The League of Women Voters of Florida has conducted more than 30 compliance checks at gun shops across the state.
Deirdre Macnab, Florida League’s current president, said her members are checking to see whether the shops have a sign displayed, which tells patrons it’s illegal to allow an unattended firearm to fall into the hands of someone under 16.
“Gun safety is an issue we’ve paid attention to and studied,” Macnab said Tuesday. “Florida continues to be center-stage in issues related to gun safety. Stand-your-ground has put us in the national spotlight. We’re exploring how we can make a positive contribution to insuring children are safe, and that there is responsible gun ownership.”
Macnab believes Florida has irresponsible gun owners.
“Whenever you have accidents, the short answer is yes we do,” she said.
The idea to conduct the checks, she said, came from Patti Brigham, who chairs the Florida League’s Gun Safety Committee.
Macnab referred all other questions to Brigham.
“She will have statistics. I don’t want to speak willy-nilly,” Macnab said. “Certainly we have incidents of children getting their hands on guns. I would think that anybody would term that as irresponsible gun ownership. Our interest is in promoting responsible gun ownership.”
Besides gun shops, Macnab said her members also visit prisons and public schools.
“We’re not gun shop police,” she said. “One thing we do as a volunteer organization – we monitor things. We felt it was very important to do the survey that covered the state.”
Marion Hammer, former NRA president and executive director of the Unified
Sportsmen of Florida, said it was “not only ludicrous, it is comical for anyone to claim the League of Women Voters is not anti-gun.”
“Show me one time, just one time that they have ever done anything to support protection of Second Amendment rights, self-defense rights of the rights of law abiding gun owners,” Hammer said Wednesday. “Show me one time that the Florida League of Women Voters has ever spent any of their money on programs to protect children from gun accidents. On the other hand, NRA has spent tens of millions of dollars on gun safety for children. NRA’s Eddie Eagle program, that I personally helped create in 1988, has been taught gun safety over 27 million children.”
Patti Brigham, who chairs the Gun Safety Committee of the League of Women Voters of Florida, has lobbied against “assault weapons” and against allowing hunters to use suppressors.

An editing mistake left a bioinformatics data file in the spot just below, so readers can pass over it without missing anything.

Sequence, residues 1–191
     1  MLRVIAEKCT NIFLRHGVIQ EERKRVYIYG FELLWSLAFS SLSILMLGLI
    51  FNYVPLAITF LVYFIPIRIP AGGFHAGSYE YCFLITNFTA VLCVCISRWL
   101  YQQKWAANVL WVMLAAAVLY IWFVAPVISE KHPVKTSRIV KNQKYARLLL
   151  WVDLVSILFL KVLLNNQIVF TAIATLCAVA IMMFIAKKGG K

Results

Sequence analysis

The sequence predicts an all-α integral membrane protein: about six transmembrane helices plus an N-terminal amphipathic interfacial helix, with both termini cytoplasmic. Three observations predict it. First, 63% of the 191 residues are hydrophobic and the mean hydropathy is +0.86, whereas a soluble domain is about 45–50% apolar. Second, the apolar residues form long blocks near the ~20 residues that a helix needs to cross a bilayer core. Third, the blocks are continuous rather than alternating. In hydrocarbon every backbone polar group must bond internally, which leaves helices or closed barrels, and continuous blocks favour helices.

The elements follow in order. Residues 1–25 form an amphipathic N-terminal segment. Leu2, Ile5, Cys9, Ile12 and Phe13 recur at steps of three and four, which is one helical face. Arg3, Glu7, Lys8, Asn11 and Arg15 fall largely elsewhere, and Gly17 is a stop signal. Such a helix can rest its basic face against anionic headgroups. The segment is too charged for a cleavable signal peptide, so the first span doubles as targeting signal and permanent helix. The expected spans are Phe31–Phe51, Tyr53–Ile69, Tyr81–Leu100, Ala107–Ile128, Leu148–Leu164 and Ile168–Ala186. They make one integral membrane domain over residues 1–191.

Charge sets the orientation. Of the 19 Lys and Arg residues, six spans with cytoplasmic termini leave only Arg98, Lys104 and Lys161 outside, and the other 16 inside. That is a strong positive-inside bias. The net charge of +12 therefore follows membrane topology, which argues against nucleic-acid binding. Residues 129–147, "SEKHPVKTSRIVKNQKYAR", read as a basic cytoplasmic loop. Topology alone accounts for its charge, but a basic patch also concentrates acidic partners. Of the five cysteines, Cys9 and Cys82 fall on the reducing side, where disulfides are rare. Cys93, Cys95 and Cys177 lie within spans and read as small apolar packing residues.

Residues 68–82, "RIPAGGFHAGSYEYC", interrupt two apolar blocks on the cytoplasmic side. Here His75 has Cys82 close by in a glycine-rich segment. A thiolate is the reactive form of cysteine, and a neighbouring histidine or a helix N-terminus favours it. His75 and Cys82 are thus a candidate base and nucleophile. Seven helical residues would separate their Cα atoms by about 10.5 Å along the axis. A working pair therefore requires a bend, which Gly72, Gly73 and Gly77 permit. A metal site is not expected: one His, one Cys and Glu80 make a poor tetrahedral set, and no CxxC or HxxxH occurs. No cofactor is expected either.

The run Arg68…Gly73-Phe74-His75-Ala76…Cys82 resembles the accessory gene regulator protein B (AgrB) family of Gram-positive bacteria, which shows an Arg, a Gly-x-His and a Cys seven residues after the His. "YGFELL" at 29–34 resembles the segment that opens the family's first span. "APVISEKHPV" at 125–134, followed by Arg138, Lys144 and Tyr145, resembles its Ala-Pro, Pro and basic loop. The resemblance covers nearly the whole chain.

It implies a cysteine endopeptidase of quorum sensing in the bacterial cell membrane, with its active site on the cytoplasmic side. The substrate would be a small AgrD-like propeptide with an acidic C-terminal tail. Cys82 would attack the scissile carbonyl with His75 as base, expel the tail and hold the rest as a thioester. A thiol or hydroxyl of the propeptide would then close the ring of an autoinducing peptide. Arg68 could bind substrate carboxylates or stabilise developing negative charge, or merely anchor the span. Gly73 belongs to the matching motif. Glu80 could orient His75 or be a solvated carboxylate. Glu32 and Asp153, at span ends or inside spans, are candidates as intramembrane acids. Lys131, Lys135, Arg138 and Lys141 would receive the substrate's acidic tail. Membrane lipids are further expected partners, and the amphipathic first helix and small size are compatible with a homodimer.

According to her Twitter account, Brigham has told her followers: “Say NO to allowing hunters to use silencers on their firearms in Florida,” and “Imagine hunters using silencers on their guns. Scary. Write FL Fish & Wildlife Comm. and tell them you are NOT in favor of proposal!”
She also tweeted “Get rid of assault weapons,” and included a link to a CNN story.
Brigham said less than half of the gun shops had the warning signs, which she said are required by state law.
She was not aware of any other League in any other state conducting compliance checks in gun shops.
“I know the League is studying the issue,” she said. “We don’t look at this as a partisan issue. Our focus is on gun safety, not gun control.”
When I asked her if she was anti-gun, she dodged the question.
“I can only tell you that the League is not anti-gun. We’re not anti-Second Amendment,” she said. “We are for responsible gun ownership.”
In my opinion, the League needs to understand that 99.9 percent of gun owners know that allowing an unattended firearm to fall into the hands of a child is a bad thing, but hey, thanks for checking on the signs.
If the League is serious about keeping unattended firearms out of the hands of kids, they should send a check to NRA’s Eddie Eagle Gun Safety Program, or the National Shooting Sports Foundation’s Project ChildSafe.
Both of these programs have done far more to shield kids from the dangers posed by unattended firearms than any gun shop placard or compliance check.
Along those same lines, perhaps the League should change the focus of its “Guns Safety Committee” to a “Child Safety Committee.”
That way they could lobby and work toward preventing all of the causes of childhood injury and death, such as: abuse, neglect, drowning, vehicle accidents, poisoning, fires and accidents.
Please check back throughout the day as this story is updated.